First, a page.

Wakening the Past: A Time Travel Romance (Medicine Stick Series Book 2)

Wakening the Past: A Time Travel Romance (Medicine Stick Series Book 2) Read Online Free PDF Page A

Book: Wakening the Past: A Time Travel Romance (Medicine Stick Series Book 2) Read Online Free PDF
Author: Barbara Bartholomew
they’d gone through more than one storm, her alone in the country, him on the road in his car or at the office in the courthouse in Wichita.
    It would soon be past the season for this kind of weather, she thought resentfully; spring should be close at hand now. But she remembered a blizzard back in early April and right now it wasn’t quite March.
    “I heard you say you told my family I was here.”
    She looked up from her concentration on the soup. “First thing I did. They were frantic.”
    “I left a note. Anyway, they know I can look after myself.”
    “Good Lord,” Hart commented without rancor, “You’re fourteen. When I was fourteen I’d barely been out of my home town.”
    “That would be Mountainside?” Was there mockery in that question ?
    Her hometown had been Medicine Stick, gone now for decades. She could hardly admit that to this girl who seemed to know more than she should. She changed the subject. “How did you get here, Bobbi?”
    “Big airplane, little airplane, cab.”
    That was succinct enough. “I’m surprised you had the money.”
    “Not a problem.” The look the girl gave her was a mixture of resentment and something like amusement, which was surprising since she didn’t think she’d said anything remotely funny.
    “I’ll make up the bed in the guestroom for you.” The sentence was barely out of her mouth when the lights in the kitchen flickered, came up again and then abruptly shut off. She heard the soft purr of the electrical heating stop as well.
    She’d been here before. Right after Christmas they’d gone without power for three days. Now with only the fire for light the house lay silent in near darkness.
    “What’s going on?” Bobbi asked, sitting straight up.
    “Power outage. Wind and ice are a bad combination; we most likely have lines down.”
    “I don’t like being in the dark.”
    “It’ll be all right. May come right back on and if not, we have candles and battery lights. The worst part is that the kitchen range and the heating system are electric. That’s why we keep stocked up on wood for the fireplace.”
    “That’s positively primitive.”
    Hart decided this wasn’t a good time to point out that in her girlhood a pot-bellied wood stove was their source of heat for the entire household of six people and that Mom had cooked on a kerosene stove.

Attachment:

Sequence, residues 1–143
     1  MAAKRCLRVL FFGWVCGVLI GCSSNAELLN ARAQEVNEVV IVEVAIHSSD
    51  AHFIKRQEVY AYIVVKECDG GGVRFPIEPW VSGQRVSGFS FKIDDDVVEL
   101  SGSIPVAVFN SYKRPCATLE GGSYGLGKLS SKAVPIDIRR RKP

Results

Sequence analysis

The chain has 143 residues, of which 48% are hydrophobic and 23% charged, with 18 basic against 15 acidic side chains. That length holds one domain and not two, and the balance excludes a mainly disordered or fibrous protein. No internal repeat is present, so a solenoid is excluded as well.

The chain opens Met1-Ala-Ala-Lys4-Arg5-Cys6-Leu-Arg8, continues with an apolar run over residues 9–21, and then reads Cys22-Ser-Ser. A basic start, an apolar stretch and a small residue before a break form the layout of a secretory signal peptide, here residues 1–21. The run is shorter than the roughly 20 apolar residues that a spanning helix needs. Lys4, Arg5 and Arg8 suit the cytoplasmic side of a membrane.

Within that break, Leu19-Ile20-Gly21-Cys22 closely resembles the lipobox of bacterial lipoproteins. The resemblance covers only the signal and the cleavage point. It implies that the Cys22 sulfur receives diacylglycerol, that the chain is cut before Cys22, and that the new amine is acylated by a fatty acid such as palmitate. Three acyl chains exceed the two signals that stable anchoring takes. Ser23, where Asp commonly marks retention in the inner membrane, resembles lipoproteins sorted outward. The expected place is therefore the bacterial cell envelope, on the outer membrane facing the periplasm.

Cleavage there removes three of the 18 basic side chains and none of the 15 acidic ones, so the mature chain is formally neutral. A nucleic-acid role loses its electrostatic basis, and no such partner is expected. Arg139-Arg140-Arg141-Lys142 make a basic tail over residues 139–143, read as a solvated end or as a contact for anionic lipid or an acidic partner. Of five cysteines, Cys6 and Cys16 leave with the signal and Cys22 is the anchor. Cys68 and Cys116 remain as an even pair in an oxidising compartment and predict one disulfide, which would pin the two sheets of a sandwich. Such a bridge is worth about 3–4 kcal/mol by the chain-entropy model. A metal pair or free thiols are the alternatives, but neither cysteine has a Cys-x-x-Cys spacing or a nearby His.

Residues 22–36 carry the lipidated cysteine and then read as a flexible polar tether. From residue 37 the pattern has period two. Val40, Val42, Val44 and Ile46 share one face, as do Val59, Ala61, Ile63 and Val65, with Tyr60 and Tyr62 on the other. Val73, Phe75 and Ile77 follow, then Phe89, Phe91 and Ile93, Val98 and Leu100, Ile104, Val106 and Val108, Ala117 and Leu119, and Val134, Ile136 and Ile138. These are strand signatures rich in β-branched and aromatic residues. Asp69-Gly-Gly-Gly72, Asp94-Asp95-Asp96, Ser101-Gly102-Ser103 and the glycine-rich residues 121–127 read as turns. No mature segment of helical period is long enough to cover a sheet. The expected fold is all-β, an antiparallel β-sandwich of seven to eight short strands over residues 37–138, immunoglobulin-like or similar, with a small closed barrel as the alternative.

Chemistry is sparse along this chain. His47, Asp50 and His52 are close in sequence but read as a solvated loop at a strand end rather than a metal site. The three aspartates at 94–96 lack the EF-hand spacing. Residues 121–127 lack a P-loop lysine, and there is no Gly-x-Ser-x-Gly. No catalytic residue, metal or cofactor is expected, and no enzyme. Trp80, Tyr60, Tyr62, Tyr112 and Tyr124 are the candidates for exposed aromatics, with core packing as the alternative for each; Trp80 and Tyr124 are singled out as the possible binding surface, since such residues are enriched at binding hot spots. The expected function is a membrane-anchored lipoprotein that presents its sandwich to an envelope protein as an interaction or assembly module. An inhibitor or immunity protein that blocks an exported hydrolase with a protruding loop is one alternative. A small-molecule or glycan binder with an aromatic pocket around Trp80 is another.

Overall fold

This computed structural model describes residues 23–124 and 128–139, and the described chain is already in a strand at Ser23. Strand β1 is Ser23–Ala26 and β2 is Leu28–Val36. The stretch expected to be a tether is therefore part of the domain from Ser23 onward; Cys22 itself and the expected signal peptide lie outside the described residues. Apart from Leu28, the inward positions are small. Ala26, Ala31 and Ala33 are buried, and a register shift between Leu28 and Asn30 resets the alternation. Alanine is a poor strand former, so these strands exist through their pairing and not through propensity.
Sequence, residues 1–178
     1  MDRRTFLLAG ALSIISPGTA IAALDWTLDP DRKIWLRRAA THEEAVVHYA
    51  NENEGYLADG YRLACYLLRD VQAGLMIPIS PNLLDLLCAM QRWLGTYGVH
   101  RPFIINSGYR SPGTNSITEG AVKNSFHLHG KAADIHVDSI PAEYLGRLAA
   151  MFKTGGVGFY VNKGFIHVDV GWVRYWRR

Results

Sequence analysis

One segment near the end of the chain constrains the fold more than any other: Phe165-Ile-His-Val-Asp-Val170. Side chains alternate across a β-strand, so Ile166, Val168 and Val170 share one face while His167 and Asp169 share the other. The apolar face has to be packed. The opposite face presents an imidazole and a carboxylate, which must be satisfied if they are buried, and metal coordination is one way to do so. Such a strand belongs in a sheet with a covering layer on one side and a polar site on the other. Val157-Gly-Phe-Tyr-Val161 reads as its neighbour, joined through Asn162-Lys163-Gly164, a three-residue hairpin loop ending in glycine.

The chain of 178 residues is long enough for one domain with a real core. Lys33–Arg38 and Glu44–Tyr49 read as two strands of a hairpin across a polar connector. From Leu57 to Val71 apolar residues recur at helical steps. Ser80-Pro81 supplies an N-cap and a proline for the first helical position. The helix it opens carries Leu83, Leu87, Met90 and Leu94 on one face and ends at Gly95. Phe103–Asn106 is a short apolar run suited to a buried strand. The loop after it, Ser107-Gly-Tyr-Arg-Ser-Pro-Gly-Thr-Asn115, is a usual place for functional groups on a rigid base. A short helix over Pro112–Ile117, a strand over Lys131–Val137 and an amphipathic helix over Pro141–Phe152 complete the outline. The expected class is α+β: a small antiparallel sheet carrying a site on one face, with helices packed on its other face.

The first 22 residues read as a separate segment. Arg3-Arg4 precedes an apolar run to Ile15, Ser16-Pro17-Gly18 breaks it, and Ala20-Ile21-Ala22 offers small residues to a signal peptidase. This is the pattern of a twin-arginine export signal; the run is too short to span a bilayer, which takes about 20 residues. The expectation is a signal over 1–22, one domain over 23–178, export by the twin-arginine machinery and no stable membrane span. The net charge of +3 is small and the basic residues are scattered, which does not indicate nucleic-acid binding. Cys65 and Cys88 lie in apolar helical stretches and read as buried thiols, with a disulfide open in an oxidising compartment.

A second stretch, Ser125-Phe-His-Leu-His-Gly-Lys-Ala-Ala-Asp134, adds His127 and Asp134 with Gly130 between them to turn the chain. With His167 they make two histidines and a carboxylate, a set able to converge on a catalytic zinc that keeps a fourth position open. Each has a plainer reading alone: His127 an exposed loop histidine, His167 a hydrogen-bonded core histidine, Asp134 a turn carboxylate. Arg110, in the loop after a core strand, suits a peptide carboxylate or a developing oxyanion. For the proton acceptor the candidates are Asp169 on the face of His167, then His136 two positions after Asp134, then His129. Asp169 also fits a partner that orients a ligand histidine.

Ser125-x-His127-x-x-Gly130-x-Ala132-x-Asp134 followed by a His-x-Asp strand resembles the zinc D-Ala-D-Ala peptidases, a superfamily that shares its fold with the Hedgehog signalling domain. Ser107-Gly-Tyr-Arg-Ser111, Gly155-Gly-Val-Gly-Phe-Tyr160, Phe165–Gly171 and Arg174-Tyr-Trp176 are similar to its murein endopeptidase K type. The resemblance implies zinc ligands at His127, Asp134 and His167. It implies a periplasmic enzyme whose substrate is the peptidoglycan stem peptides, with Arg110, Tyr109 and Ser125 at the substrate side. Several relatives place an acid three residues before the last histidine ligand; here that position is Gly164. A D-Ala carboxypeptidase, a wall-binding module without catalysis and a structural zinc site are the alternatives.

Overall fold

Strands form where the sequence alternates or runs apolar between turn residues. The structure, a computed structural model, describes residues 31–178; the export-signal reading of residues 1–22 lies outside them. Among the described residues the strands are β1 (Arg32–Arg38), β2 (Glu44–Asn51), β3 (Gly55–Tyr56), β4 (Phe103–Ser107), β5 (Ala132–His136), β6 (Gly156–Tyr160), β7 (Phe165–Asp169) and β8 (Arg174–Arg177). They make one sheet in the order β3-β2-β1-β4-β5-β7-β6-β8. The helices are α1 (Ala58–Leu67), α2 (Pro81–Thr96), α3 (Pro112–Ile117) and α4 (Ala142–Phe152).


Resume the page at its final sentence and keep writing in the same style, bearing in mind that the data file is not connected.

The power hadn’t come on by ten p.m. and Bobbi complained loudly that she couldn’t go to bed without watching television for a while first, finally departing for the back bedroom, flashlight in hand, with plans to call her friends in California.
    Minutes later when Hart heard a shriek she thought something awful had happened to the girl and dashed down the long dark hall to find Bobbi deep in the mass of quilts heaped on her bed, the flashlight sending a thin stream of light across her lap. “My phone won’t work. I can’t call anybody!”
    This was hardly unexpected. “Means the towers are down. Wind and ice aren’t good for communications either.”
    “When will they be working again?”
    “I really can’t say.”
    “Well, Hart, call somebody and complain.”
    Hart gleefully broke the bad news. “We don’t keep a land line, Bobbi. If the cell phones are down, then we’re on our own.”
    Bobbi’s expression was so appalled that Hart almost felt sorry for her, even though back when she was a kid, the only phones in town had been at places like the school and the store and those hadn’t worked particularly well.
    This, she thought, could be an educational experience for the girl. “Turn off your light and go to sleep. You won’t miss electricity if you’re not awake.”
    She went to bed, feeling a whole lot more sorry for poor Mr. Jeffers than she did for Bobbi Lawrence.
    Dawn shone dimly on an ice-coated world turned miraculously overnight into a thing of beauty with winter bare tree branches coated in the glittering substance and roads treacherously slippery. A rash of accidents kept
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